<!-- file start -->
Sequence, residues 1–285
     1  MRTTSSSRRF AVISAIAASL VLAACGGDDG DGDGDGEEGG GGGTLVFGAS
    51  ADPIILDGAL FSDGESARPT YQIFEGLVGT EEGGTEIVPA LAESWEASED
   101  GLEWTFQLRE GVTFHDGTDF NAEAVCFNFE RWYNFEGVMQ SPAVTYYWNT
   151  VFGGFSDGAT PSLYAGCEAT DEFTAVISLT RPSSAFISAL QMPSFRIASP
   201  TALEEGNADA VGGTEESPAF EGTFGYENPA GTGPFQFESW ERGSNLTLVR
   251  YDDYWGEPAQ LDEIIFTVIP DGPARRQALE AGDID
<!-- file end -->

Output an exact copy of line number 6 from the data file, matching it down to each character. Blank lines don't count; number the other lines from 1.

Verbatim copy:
   201  TALEEGNADA VGGTEESPAF EGTFGYENPA GTGPFQFESW ERGSNLTLVR